Savvy investors know that one of the biggest draws of private markets is the illiquidity premium. But what exactly is the illiquidity premium and why do some investors embrace it? In this article, we'll uncover the secrets of the illiquidity premium and explore why investors embrace it. From understanding the concept to assessing its potential impact on your portfolio, we'll take a deep dive into the world of private markets and the illiquidity premium.
What is the illiquidity premium? Why does it exist?
The illiquidity premium is the additional potential return of illiquid assets relative to liquid assets.
The premium compensates investors for the added risk and inconvenience of not being able to easily liquidate their assets (particularly compared to listed market investments). Furthermore, illiquid assets tend to be more complex and many investors simply put it in the “too hard basket”. While some investors shy away from the challenge, for those who take the time to fully grasp the potential, the rewards can be substantial.
Illiquid vs Liquid: The Battle for Investment Returns, What Does the Research Say?
Just like past performance is not a guarantee of future performance, the outperformance of illiquid assets also cannot be guaranteed.
There has been a significant amount of research on the illiquidity premium, and the findings of this research have been somewhat mixed. Some studies have found that illiquid assets do tend to earn a higher return than liquid assets, consistent with the existence of an illiquidity premium, while other studies have found little or no evidence of an illiquidity premium.*
A reason for the mixed findings could be that the size of the illiquidity premium can vary significantly depending on the specific asset being considered and the market conditions at the time. For example, the illiquidity premium may be larger for new private market investments in times of financial market stress, when investors are more risk-averse and prefer the perceived safety of liquidity. In contrast, the illiquidity premium may be smaller for new private market investments when yields are low, pushing investors to riskier assets for the additional return potential (which ironically gets eroded as the prices of those riskier assets push higher due to the additional demand).
Why do investors invest in illiquid assets if the illiquidity premium is not guaranteed?
Like most opportunities across the investment universe there is always a trade-off between risk and return and it is no different when comparing illiquid and liquid assets.
For some investors, the potential for additional returns can be a strong enough lure despite the additional risk (note cash can be considered a risky investment for some investors if it means they will never achieve their investment goals). For others, the potential additional diversification offered by illiquid assets, such as private market investments, can also be a strong draw. While for some investors the inability to liquidate an investment ensures discipline and prevents them from selling an investment out of fear.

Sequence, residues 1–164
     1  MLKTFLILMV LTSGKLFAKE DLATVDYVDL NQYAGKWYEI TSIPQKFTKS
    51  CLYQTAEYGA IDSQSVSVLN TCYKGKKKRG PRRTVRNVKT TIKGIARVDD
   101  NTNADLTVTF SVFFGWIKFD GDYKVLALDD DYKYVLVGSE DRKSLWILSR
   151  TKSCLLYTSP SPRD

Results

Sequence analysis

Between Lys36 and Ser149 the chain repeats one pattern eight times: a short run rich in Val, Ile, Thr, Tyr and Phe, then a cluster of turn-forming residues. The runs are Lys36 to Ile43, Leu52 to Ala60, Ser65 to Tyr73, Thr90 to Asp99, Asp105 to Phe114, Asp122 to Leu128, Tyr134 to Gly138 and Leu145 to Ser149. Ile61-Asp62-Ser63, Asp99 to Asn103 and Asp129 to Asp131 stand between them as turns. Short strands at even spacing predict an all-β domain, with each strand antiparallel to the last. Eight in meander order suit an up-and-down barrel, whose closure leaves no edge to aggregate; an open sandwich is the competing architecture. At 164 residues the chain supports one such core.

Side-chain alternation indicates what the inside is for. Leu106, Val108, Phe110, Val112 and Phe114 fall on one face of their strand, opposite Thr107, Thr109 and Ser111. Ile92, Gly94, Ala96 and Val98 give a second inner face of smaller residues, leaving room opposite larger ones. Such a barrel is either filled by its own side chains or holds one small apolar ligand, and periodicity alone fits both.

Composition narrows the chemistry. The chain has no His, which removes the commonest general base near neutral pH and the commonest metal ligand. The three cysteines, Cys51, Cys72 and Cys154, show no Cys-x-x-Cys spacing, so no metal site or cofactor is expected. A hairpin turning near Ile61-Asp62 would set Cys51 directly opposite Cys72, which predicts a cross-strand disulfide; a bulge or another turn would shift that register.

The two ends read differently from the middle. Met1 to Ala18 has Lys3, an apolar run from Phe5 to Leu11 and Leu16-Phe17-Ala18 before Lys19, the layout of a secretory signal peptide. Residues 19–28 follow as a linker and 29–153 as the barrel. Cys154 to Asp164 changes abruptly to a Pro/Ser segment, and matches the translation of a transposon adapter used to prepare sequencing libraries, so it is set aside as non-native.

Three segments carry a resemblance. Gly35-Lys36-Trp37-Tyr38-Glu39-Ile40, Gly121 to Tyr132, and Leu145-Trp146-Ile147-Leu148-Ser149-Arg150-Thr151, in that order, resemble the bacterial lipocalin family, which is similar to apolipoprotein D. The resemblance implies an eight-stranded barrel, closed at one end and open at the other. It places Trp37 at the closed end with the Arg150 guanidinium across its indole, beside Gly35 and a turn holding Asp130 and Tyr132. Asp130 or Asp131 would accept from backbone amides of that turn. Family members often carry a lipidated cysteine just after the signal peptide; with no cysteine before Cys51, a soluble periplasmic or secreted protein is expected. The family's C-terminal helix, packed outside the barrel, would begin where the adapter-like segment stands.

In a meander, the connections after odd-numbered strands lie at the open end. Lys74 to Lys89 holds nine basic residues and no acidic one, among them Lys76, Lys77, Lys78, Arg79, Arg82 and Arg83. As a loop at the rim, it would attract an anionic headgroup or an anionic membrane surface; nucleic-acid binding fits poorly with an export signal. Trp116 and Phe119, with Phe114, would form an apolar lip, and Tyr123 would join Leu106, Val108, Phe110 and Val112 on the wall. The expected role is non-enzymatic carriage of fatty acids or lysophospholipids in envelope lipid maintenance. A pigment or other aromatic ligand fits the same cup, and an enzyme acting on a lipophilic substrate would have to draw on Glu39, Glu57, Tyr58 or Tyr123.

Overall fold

Of course, it is important for investors to carefully consider the potential benefits and risks of illiquid assets in the context of their personal circumstances (e.g. investment horizon, liquidity needs, investment goals etc.) before including them in their portfolio.
For investors that decide that illiquid assets are an appropriate investment, it is likely that an appropriate investment portfolio would include a mix of liquid and illiquid assets.
If you need assistance in determining what an appropriate investment portfolio could look like, we strongly recommend you seek professional financial advice. A financial adviser can assist you in understanding the risks and potential benefits of investing in illiquid assets, such as private market investments, and helping you determine how much would be appropriate.
For more information about our available private equity funds, please visit our private equity funds page.
* For those inclined: Amihud, Y., 2002, “Illiquidity and Stock Returns: Cross-Section and Time-Series Effects,” Journal of Financial Markets, 5, 31–56; Amihud, Y., and H. Mendelson, 1986, “Asset Pricing and the Bid-Ask Spread,” Journal of Financial Economics, 17, 223–249; Ben-Rephael, A., O. Kadan, and A. Wohl, 2015, “The Diminishing Liquidity Premium,” Journal of Financial and Quantitative Analysis, 50, 197–229; Jang, B.-G., H. K. Koo, H. Liu, and M. Loewenstein, 2007, “Liquidity Premia and Transaction Costs,” Journal of Finance, 62, 2330–2366; Kang, W., N. Li, and H. Zhang, 2017, “Information Uncertainty and the Pricing of Liquidity,” Working Paper, Shanghai University of Finance and Economics.